Find the nearest Animals & Wildlife
Our Animals and Wildlife category brings all Coast Radar’s listings related to looking for something to do or a place to visit together where they offer some form of animal or wildlife activity.
Finding the best things to see and do on a day out with your family or friends is easy – simply explore the animal and wildlife links below, hit the jump to my location button or use the search bar to plan your next UK and Ireland activity.
- The Islay Natural History Trust Nature Centre is a great place to visit for young and old. Exhibits include aquariums and laboratory. The centre also has a large collection of biological records The Islay Natural History Trust was established in 1984vdedicated to wildlife and geology on Islay with the aim to get as many people interested in Islay’s beauty.
- RSPB South Stack Centre is on top of the cliffs overlooking the South Stack lighthouse and the cliff-side nesting colonies. You can see the birds through live TV images, telescopes and binoculars. You’ll be able to watch guillemots, razorbills and puffins all raising their young, while live television pictures give you an even closer view of the nests! As well as the RSPB centre you have many options to explore the cliffs and heathland around the centre. Facilities include a tea room. The seabird centre is only open Easter to September.
- At the Highland Cattle Centre, there’s so much for families, individuals, groups, schools, birthday & adventure parties to see, touch, and do! Experience the magic of our fold (herd) of award winning, friendly Highland Cattle as well as the livestock and whole host of animals who live on our thriving working farm. Enjoy our guided meadow walks, meet and comb our friendly cattle and learn about the history & everyday lives of the fold.
- Durrell Wildlife Park (also known as Jersey Zoo) is a zoological park on the island of Jersey, situated in 32 acres (13 ha) of landscaped parkland and water-gardens. The Park has always concentrated on rare and endangered species, and has mammals, birds, amphibians and reptiles, comprising over 130 species. The park has large areas within the grounds that are designated native habitat areas. The extensive planting of flowering and fruiting trees throughout the grounds also serves to attract a wide selection of wild birds and insects. Several species of bird which used to be commonly seen in island gardens but have become increasingly scarce, including the House Sparrow and Song Thrush. Nest-boxes within the grounds are used by a variety of birds including Barn Owls, Kestrels, Swallows and Martins. Other animals which are commonly seen within the grounds are the red squirrel, bank vole, and the Short-toed Treecreeper.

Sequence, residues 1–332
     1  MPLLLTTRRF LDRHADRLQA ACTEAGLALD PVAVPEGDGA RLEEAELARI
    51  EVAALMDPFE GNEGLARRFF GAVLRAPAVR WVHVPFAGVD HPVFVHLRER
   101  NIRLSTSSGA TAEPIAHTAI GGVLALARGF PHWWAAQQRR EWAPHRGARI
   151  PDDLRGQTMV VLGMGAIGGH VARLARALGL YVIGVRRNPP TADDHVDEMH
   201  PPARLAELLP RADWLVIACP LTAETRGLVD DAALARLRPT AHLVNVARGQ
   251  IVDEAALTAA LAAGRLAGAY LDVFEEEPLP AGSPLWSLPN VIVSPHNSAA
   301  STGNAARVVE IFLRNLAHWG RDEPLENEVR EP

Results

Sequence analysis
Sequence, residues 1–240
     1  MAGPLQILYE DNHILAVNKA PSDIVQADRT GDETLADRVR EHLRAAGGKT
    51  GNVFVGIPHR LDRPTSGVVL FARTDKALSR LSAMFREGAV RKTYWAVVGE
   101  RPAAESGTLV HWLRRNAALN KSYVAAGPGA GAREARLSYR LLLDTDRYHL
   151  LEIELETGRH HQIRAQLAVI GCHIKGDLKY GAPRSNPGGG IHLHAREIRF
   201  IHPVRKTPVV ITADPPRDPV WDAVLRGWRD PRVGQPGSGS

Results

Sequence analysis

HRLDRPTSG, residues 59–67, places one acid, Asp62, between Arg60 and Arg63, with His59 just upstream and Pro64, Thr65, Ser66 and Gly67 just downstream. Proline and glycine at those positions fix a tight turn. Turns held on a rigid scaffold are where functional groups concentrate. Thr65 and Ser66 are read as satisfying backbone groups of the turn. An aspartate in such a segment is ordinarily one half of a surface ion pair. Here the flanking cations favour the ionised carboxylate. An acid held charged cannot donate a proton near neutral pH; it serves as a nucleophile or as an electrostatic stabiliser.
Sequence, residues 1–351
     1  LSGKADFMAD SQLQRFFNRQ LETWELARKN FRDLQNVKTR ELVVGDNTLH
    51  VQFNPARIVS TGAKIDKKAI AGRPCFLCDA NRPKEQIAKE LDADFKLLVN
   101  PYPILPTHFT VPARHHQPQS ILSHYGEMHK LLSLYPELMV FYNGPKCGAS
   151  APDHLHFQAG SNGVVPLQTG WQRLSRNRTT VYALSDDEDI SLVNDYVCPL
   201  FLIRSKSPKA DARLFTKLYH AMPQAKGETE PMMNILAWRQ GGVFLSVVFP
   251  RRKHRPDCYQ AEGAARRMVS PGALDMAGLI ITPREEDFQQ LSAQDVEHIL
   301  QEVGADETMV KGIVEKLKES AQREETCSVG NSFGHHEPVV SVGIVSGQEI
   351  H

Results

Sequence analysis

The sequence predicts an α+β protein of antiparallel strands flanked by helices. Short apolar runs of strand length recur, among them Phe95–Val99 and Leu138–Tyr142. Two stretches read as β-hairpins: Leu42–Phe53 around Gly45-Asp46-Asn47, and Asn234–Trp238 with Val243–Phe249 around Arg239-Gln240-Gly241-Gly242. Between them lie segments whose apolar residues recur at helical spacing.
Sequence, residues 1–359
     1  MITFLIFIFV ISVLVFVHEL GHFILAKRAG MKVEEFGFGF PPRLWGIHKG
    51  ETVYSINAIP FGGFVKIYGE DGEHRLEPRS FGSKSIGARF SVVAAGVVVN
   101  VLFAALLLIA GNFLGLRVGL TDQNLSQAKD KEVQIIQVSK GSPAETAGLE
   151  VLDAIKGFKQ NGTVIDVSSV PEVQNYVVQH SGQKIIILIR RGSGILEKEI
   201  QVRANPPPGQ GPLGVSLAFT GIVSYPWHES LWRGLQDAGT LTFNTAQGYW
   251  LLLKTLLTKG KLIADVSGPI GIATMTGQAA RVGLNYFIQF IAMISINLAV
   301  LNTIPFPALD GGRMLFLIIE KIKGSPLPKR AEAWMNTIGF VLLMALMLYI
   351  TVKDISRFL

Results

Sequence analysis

- Steart Marshes is the first of WWT’s Working Wetlands and is open all year round. The reserve shows how wetlands are productive and useful as well as being a natural coastal buffer. The saltmarsh is farmed for specialist saltmarsh lamb and beef, its creeks are a nursery for the fry of important fish stocks. Facilities include hides, toilets, refreshments, car parking and paths for walkers, mobility scooters, wheelchair users, pushchairs, cyclists and horse riders, subject to a few local restrictions. Dogs are welcome on most paths but must be kept under close control to prevent disturbance to wildlife. (Feature photo by Alastair Campbell)
- Colchester Zoo has over 260 rare species many part of breeding programmes. Interactive daily displays get you closer to the animals and the zoo offers a wide range of educational activities for schools and groups as well as team building for corporate groups. Colchester Zoo’s Action for the Wild is the zoo’s charitable arm and is responsible for conservation work around the world.
- The Booth Museum of natural history houses over half a million insects, skeletons and birds and the infamous merman which is a fake from the Victorian era but was highly regarded back then! There are also the 140 million year old bones of a dinosaur to be seen which generally wows the children so it is well worth a visit. Edward Booth contributed a life times worth of birdlife to the museum along with over 650 butterfly types and a huge collection of bone and fossils dating back to the age of dinosaurs. There is an interactive gallery and a host of different events throughout the year. Admission is free and the museum is open from 10am to 5pm through the week and from 2pm to 5pm on Sundays and Bank holidays.gift shop wheelchair accessible (accessible toilet is not currently wheelchair accessible but is accessible for ambulant disabled people) refreshments and children’s play area close by in Dyke Road Park
- At the Loch Garten Osprey Centre, you can view these beautiful fish-eating birds of prey as the centre overlooks the osprey nest. The centre is typically open daily from April to the first Sunday in September. Facilities include car parking, the visitor centre, toilets and a shop. The area around Loch Garten has a number of all year-round nature trails.
- North Hill is a remote and windswept coastline jutting out into the north-east Atlantic. Its highest point – Errival – is just 48 metres (150 feet) above sea level. North Hill is managed as a nature reserve by the North Hill grazing committee and RSPB Scotland, in conjunction with Scottish Natural Heritage as it is a Site of Special Scientific Interest.